The painted portion of this piece is just about 9 x 7 centimeters, so it's really tiny!
It's a watercolour painting and this picture shows the materials I used (apart from water ):
- Watercolour paper: Canson Fontenay
- 4H Graphite pencil (Faber-Castell)
- Tombow mono zero elastomer eraser ultrafine 2.3 mm (heaven sent for every small or detailed pencil drawing and portrait!)
- Watercolour brushes Art Master Pearl series and Da Vinci series (tiny sizes)
- Winsor and Newton watercolours: Cobalt turquoise, Rose Dore, Raw umber mixed with a little bit of Ivory black and Yellow ochre.
- Staedtler Pigment liner 0.05 (tiny point)
I will discuss the progress in four steps, corresponding to the four pictures you see in the collage Above :-).
1. Outlines and Sketch
I always start out by outlining the space I have for the painting, using my graphite pencil. I use the frame to determine the size. You can just go ahead and trace the frame so you don't need to go and measure ;-). I then drew the lines of the water, the paper boat, our hedgehog and the butterfly body. These lines will later be traced by the pigment liner. I sketched a circle behind the boat, very lightly. I did the same for the butterfly wings.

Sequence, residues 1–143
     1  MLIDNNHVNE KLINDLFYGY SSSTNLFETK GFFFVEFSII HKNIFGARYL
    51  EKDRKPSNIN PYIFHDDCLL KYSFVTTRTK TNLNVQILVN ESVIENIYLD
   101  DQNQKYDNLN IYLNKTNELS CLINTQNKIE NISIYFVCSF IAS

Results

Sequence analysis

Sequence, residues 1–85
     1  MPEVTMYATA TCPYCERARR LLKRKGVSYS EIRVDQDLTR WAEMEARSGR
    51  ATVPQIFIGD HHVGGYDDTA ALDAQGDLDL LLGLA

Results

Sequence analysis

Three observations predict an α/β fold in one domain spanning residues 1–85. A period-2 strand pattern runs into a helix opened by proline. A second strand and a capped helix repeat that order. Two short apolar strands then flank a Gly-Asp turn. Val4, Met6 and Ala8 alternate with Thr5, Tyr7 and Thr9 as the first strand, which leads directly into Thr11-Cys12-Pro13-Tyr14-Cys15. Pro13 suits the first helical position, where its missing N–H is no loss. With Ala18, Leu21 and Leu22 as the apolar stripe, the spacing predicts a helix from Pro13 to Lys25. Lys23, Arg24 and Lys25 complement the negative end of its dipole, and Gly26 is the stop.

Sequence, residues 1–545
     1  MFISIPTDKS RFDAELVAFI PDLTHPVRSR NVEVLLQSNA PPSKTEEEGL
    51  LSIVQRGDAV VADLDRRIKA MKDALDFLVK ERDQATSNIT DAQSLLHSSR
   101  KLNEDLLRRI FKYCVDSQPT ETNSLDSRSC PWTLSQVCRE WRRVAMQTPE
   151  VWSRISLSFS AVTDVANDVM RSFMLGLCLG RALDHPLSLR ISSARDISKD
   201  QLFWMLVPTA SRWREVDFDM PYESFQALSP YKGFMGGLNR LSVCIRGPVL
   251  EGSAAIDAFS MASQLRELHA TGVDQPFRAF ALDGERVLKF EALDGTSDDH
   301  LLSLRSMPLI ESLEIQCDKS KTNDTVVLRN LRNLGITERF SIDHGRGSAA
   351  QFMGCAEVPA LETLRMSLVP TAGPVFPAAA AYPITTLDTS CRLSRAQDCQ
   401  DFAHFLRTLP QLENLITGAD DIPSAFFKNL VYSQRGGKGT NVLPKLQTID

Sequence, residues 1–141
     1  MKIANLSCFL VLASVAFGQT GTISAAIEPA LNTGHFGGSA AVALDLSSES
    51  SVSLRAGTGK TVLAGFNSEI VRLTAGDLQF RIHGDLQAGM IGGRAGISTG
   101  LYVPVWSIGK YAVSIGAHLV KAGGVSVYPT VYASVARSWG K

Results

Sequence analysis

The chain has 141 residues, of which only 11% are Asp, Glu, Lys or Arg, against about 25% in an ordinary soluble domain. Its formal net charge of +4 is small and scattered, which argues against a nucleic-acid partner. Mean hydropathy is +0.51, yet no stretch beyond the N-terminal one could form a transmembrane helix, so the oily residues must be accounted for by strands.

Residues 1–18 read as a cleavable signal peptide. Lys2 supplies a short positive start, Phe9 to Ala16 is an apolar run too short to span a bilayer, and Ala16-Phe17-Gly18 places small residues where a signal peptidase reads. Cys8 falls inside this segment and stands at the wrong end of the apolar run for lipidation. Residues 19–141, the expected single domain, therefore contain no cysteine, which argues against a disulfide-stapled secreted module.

2. Painting of larger areas
I painted the background and water with a wet brush and the Cobalt turquoise water colour. The circle is filled in very carefully. I experimented with different amounts of water to create gradients in the waves and the background circle. The butterfly wings were left blank, so now you can see they're white.
3. Painting of small areas and details
The hedgehog and paper boat were next in line to be painted. I carefully painted the red (Rose Dore) stripes on the boat, and tried to pay attention to the shape of the boat and shading. The hedgehog was painted using the Raw Umber for his 'prickles' and the yellow core (very lightly) for his skin. Also, I gave his little cheek a touch of the red :-). The red of the paper boat is slightly reflected in the water.
I used the pigment liner to "ink" the outlines of the drawing. Now you can see the lines again and the image becomes much sharper and playful.